Why we need platforms more than ever.

What a strange time it’s been. I still remember the surreal feeling of our last Jazz Connective meeting in London and Birmingham, when the world was shutting down right in front of our eyes. Three months seem like three years, so much have changed since then.

Why we need platforms more than ever.

We are all thinking how the world is going to look like in the future and how it is going to influence our lives. Whether musicians are going to play again for the public, whether they will be able to travel, whether our business is going to survive. The conflicting feelings of the need to get out and resume the normal life and the fear of health consequences have rooted themselves in our minds for good. Musicians are scattered in their homes, often feeling isolated and abandoned. The already existing disparities in different countries resulting from varied social and political policies and financing inequalities are growing. It all makes it even more difficult for artists to get on their feet and resume their careers.


The world is slowly getting back to its tracks. Every country at its own pace, but the shy signs of spring are starting to appear here and there. The world will come around, but not the same. The question is whether we are going to be ready for that. We as promoters, we as the public and we as the musicians. Music business is now at the point of rethinking itself. The consequences of the current crisis will further increase the already high competitiveness and inequalities of the sector. Thus, there is an even bigger need now to introduce competences, awareness and knowledge to the working life of artists. Under the new sanitary regimes, the venues all over Europe are changing their way of functioning, artistic mobility as we know it is being redefined and the public is even more difficult to reach. Most of the artists are now in the limbo with some prospects of carrying on their activity, but still unsure how and when. They are going to face even more challenges and they are more vulnerable to exploitation.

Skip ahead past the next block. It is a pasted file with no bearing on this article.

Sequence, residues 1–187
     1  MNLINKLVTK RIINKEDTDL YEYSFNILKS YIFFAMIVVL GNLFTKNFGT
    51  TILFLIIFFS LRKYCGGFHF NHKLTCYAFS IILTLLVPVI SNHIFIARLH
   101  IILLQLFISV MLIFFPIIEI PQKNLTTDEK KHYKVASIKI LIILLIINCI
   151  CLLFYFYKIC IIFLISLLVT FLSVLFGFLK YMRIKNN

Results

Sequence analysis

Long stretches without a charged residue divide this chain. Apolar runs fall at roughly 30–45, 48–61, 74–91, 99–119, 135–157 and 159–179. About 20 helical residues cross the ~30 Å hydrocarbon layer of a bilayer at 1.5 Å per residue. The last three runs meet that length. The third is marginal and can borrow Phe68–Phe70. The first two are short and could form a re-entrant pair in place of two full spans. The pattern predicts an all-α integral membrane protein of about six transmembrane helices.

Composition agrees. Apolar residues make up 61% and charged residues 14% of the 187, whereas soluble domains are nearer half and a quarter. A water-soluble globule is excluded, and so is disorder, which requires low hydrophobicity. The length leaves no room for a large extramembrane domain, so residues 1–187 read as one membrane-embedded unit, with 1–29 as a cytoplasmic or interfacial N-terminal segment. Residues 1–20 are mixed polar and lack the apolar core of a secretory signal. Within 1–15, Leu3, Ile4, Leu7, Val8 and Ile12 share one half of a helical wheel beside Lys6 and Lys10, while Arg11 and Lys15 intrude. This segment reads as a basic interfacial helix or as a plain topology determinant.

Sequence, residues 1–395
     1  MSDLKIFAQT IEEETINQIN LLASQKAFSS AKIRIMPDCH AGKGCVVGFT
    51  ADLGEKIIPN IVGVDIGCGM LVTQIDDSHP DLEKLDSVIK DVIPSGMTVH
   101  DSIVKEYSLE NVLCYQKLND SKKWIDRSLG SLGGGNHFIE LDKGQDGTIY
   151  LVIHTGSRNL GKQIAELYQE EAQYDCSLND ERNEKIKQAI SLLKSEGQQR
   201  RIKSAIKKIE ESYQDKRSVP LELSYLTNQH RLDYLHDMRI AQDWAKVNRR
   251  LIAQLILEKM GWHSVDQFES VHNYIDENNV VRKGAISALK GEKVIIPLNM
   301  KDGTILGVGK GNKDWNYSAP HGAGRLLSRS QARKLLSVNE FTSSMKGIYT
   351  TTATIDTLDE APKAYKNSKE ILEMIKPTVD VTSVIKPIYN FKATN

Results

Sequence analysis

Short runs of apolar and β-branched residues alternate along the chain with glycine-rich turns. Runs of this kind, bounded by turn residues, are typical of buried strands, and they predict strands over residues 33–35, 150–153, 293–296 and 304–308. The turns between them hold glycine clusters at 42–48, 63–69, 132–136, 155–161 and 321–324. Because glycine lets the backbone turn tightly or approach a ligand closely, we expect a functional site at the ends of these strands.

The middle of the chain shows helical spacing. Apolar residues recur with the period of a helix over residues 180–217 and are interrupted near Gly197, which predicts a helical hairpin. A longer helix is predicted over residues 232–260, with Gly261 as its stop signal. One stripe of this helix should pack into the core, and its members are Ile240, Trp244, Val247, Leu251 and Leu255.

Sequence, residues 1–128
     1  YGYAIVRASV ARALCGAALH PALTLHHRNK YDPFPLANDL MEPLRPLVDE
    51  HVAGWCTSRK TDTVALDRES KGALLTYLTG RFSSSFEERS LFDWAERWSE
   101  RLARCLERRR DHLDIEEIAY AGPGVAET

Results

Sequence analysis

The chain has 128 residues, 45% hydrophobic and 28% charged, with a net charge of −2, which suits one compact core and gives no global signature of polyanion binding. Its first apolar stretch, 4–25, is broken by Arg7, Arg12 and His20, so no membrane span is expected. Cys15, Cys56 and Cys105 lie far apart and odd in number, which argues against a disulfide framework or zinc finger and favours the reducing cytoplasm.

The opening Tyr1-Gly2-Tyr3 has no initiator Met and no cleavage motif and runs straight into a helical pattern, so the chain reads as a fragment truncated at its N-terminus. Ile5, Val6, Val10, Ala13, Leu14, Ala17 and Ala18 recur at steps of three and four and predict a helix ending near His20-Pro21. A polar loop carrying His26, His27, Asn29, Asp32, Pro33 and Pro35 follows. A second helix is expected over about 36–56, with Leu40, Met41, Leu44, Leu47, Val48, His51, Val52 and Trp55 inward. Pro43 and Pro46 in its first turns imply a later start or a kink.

The reason why we have started Intl Jazz Platform 8 years ago was to provide artists from Poland and abroad with inspiring working conditions, unrelated to their formal education and thus free from institutionalization, standardization and hierarchies. We wanted to enable young musicians to develop their improvisational skills putting emphasis on creativity, openness to different understanding of music, respect for diversity and freedom of expression. We have also realized the importance of equipping musicians with the right skills and knowledge to move around the music market.


Now we feel an even bigger need to keep going and provide young artists with an environment in which they can learn from each other, exchange ideas, gain knowledge about the sector, express their concerns and hopes. Where they can feel the sense of belonging and where they can be understood and inspired. It’s even more important now that they increase their entrepreneurial skills, learn from their peers from different countries, establish international contacts and prepare themselves to face challenges that are awaiting them. It’s time to analyze their previous experiences, revise their approach to music activity and build strategies for their careers. But they cannot do it alone.